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First Filly Tutti

By: Louisa Shepard Date: Jun 3, 2016

Tutti is the first girl in the Ladies’ club. She is also now a champion.

A striking dark grey Thoroughbred imported from Italy, Tuttipaesi is owned by Valor Ladies LLC, a partnership of women who invest in racehorses. Tutti, as she is affectionately called, is the first of the Ladies’ four fillies.

Squeezing through a tiny gap between horses in the stretch, Tutti came in first over the wire in the $200,000 Grade II Santa Ana Stakes in Santa Anita. The March race was the six-year-old mare’s first graded stakes win after stringing together a nice fall and winter campaign that included victories in the $75,000 Churchill Distaff Turf Mile Stakes and $100,000 South Beach Stakes.

Tuttipaesi wins the $200,000 Santa Ana Stakes in March. Photo by Benoit

Watching the race in an off-track betting location in Allentown was Lynne Cassimeris, a professor of cell biology at Lehigh University, and one of Tutti’s co-owners.

“As they were coming around the turn, I started screaming to her to “Find room!” and “Go! Go! Go!” and I was jumping around after she won,” she said, recalling the moment. “Then my phone started ringing and ringing and ringing because everyone was so excited.”

The impressive win was a surprise: Tutti had come back after 18 months of rest to recover from a life-threatening illness that landed her in the isolation wing at Penn Vet’s New Bolton Center.

She Wasn’t Quite Right

The top filly in Italy in 2012, she was imported as the first Valor Ladies’ racehorse. After coming in second in a Grade I race at Keeneland, Tutti suffered a hairline condylar fracture of her left foreleg in May 2013. Following treatment at New Bolton Center, she went to Grattan Farm in Oxford, PA, managed by Fenella O’Flynn.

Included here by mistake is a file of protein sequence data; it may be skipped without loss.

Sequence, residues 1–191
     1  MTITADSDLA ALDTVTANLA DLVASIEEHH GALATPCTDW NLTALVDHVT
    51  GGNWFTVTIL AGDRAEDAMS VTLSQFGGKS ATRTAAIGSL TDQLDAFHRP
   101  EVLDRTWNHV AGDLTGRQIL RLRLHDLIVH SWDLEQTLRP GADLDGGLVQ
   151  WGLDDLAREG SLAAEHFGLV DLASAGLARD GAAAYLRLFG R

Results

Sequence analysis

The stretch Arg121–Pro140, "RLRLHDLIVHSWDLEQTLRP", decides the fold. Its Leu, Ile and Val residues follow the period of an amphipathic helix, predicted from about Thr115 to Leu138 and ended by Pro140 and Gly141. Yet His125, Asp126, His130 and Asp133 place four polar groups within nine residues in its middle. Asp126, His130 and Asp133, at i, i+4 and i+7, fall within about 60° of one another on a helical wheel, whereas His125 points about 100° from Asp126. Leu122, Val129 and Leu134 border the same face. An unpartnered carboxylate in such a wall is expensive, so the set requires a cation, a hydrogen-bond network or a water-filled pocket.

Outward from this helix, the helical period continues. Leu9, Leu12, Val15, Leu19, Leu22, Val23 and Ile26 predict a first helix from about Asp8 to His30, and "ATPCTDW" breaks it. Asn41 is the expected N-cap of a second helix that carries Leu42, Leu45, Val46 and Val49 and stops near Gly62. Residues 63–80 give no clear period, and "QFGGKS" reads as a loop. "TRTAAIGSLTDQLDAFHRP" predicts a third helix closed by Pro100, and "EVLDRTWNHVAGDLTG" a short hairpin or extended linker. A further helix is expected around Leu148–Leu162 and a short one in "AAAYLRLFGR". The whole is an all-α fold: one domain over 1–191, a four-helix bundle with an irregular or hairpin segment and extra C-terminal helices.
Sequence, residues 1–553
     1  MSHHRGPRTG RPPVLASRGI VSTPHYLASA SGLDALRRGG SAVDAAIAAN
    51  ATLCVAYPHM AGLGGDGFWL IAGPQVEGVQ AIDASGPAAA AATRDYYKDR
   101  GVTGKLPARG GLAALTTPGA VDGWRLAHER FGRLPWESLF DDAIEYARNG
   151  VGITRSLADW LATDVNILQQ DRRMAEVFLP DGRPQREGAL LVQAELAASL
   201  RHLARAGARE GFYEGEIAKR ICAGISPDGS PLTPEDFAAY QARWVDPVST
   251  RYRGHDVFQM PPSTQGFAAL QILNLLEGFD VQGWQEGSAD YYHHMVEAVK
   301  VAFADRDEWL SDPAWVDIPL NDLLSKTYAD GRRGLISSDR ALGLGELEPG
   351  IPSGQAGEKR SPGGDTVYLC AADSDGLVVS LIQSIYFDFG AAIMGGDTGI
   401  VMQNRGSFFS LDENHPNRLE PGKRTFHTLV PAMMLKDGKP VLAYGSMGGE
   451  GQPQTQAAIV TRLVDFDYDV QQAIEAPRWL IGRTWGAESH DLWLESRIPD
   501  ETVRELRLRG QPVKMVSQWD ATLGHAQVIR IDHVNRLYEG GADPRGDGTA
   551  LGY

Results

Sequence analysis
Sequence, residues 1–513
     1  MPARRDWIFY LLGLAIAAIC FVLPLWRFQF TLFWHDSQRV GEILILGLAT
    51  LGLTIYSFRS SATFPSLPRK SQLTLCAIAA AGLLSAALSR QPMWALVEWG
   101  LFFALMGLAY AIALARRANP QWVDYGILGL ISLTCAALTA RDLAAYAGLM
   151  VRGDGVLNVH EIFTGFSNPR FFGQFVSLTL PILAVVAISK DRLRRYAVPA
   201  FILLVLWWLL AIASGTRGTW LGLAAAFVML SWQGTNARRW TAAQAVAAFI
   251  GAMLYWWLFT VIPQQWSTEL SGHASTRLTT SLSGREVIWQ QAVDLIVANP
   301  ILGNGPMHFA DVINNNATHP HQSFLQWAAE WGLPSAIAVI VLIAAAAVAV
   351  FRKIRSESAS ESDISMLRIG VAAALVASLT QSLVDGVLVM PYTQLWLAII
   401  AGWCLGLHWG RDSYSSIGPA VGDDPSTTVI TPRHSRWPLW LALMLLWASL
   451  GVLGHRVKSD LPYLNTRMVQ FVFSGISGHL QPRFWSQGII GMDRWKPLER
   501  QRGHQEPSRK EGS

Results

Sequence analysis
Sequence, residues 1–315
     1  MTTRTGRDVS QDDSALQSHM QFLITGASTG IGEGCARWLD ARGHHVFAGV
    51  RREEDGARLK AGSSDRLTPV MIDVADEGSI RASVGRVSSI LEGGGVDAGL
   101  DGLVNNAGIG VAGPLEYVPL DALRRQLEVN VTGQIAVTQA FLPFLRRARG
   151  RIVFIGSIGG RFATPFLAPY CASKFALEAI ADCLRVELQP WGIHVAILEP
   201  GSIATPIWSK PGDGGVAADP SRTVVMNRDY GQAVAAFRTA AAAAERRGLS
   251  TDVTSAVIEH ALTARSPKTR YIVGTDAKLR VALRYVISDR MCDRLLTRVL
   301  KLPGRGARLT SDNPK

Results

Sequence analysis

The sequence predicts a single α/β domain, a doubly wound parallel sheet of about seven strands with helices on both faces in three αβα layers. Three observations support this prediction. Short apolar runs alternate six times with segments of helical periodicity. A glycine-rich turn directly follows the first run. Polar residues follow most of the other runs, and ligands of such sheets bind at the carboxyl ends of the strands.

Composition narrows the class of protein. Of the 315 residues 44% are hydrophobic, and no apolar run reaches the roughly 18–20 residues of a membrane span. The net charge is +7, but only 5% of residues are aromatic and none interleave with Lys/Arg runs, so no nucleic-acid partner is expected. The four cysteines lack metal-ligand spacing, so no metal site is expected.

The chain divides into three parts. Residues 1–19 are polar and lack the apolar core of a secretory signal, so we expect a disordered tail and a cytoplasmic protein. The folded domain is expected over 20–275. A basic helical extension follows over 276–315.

While at the farm during her layoff, Tutti came down with an illness. Her primary veterinarians thought it could be gas colic, said Megan Jones, founder of Valor Ladies, and Vice President of Team Valor International of Lexington.

“I was in Saratoga and Fenella called me back and said she knew something just wasn’t right with Tutti,” Jones said. “We sent her to New Bolton.”

Since she had a fever upon arrival, Tutti was placed in the isolation wing of New Bolton Center’s Moran Critical Care Center.

“It turned out that she had Potomac Horse Fever, which is a pretty common disease in this area. It is sometimes fatal if not caught and treated appropriately,” said Dr. Rose Nolen-Walston, Associate Professor of Internal Medicine. “It’s a scary disease. As soon as we suspect it, we treat it, even before the test results come back.”

Symptoms are high fever, diarrhea, and often laminitis, which can be severe and hit early in the course of the disease. Potomac Horse Fever is caused by a bacterium that undergoes a lifecycle that involves freshwater snails, a worm that infects the snails, and one of several forms of flying insects. Horses are infected by accidentally eating tiny mayflies or caddis flies that settle on their hay and feed.

Treatment includes intravenous antibiotics (oxytetracycline) and low-dose anti-inflammatories.  In addition, IV fluids help replace electrolytes, and ice boots reduce the chance of laminitis.

Even after symptoms of Potomac Horse Fever had resolved, Tutti’s blood protein levels were still dangerously low, Nolen-Walston said. An ultrasound examination revealed right dorsal colitis, the thickening and inflammation of a section of intestine.
Tutti at Fair Hill Training Center.

Nolen-Walston concluded that Tutti had a reaction to NSAIDS—nonsteroidal anti-inflammatory drugs—which are in the same class as ibuprofen and aspirin for humans. In the horse world, commonly used NSAIDS are flunixin meglumine (Banamine) or phenylbutazone (“bute”).

“Even though she hadn’t had high doses of NSAIDS, she was affected,” Nolen-Walston said. “It is difficult to predict.” In some horses, the colon never heals completely, causing persistent protein losses through the damaged intestine, or scar tissue causes a narrowing of the intestine that can predispose the horse to colic, Nolen-Walston said.